What is Dietetics?

An academic program that prepares students to use advanced knowledge about food and nutrition to help prevent and treat disease and maintain and promote health.  It is...

  • People-oriented and science-focused
  • Evidence-based
  • The first step toward a professional credential

Dietetics at Michigan State University

  • One of the largest dietetics programs in the United States
  • Meets didactic program requirements as approved by the Accreditation Council For Education in Nutrition and Dietetics (ACEND)*

What is a Registered Dietitian?

Registered Dietitian (RD) -- or, the newer term, Registered Dietitian Nutritionist (RDN) -- is a professional title and credential used by individuals who have completed the following steps:

  1. Earn a degree from an accredited dietetics program.  This is typically earned through a bachelor's degree in dietetics.  For those who decide on a career in dietetics after earning their bachelor’s degree, an accredited master’s dietetics program is also an option (a Coordinated Program or Graduate Program).  
  2. Complete a supervised practice requirement.  Individuals must complete at least 1,000 hours of supervised practice.
  3. Earn a master’s degree. 
  4. Pass the national registration examination for dietitians. After the previous steps are complete, you may take CDR's Registration Examination to become credentialed as a registered dietitian nutritionist.

Video:  Exploring a Career in Dietetics

Is Licensure required to practice as a registered dietitian?

Currently Michigan does not require licensure, but most other states do require it. Therefore, if you become a registered dietitian and decide to reside or move to a state requiring licensure, you will need to complete the state specific licensure requirements in order to practice.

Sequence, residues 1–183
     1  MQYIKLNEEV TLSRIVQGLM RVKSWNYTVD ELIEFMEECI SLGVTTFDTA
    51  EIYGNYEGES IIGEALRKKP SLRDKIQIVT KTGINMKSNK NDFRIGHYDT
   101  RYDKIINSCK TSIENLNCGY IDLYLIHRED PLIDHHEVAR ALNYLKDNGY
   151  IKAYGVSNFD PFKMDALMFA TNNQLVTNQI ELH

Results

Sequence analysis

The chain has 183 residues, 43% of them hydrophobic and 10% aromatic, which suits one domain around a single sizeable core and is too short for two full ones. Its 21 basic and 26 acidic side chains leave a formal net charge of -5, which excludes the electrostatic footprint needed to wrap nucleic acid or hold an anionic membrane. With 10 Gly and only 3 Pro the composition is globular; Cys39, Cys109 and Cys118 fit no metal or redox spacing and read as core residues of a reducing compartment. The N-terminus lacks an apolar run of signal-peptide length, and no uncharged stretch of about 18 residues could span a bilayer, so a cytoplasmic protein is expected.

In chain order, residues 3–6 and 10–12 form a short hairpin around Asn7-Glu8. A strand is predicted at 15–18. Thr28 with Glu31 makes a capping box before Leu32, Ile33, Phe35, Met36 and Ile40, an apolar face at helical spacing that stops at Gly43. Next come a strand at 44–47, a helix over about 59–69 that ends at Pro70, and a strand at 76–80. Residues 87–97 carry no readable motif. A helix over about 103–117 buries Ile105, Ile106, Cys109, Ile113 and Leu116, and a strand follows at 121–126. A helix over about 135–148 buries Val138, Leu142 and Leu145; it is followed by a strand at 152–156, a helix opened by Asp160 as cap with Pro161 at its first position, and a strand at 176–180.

Please follow this link for more information about licensure.

Career Opportunities as a Registered Dietitian


Perhaps the largest number of  dietitians work in clinical practice -- such as in a hospital or extended care facility.  Many also 

work in a community health setting, such as at a health department, often in programs for at-risk populations, such as WIC (Women, Infants, Children), Head Start, or programs for seniors.  Some dietitians' responsibilities are concentrated in the foodservice operations where dietary modifications may be necessary.  Here are some areas of focus:

  • Clinical nutrition practice
  • Public health nutrition
  • Corporate wellness/health promotion
  • Higher education
  • Food industry
  • Foodservice management
  • Private practice/nutritional counseling

Earning a bachelor’s degree in dietetics from an accredited program also qualifies students to become a nutrition and dietetic technician, registered (NDTR).  A master’s degree is not required to practice as a NDTR. Upon earning a degree in dietetics, students may take CDR's Registration Examination for Dietetic Technicians to become credentialed as a NDTR.  More information about this career path can be found on the Academy website:  Become a Nutrition and Dietetics Technician, Registered (eatright.org)

*Accreditation Council for Education in Nutrition and Dietetics, Academy of Nutrition and Dietetics, 120 South Riverside Plaza, Suite 2000, Chicago, IL 60606-6995; (312) 899-0400 ext. 5400; acend@eatright.org

Contact the adviser:

Jill DeJager
Department of Food Science and Human Nutrition
G. M. Trout FSHN Building
469 Wilson Road, room 106C
East Lansing, MI 48824-1224
Phone: (517) 353-3322
Fax: (517) 353-8963
E-mail:  dejagerj@msu.edu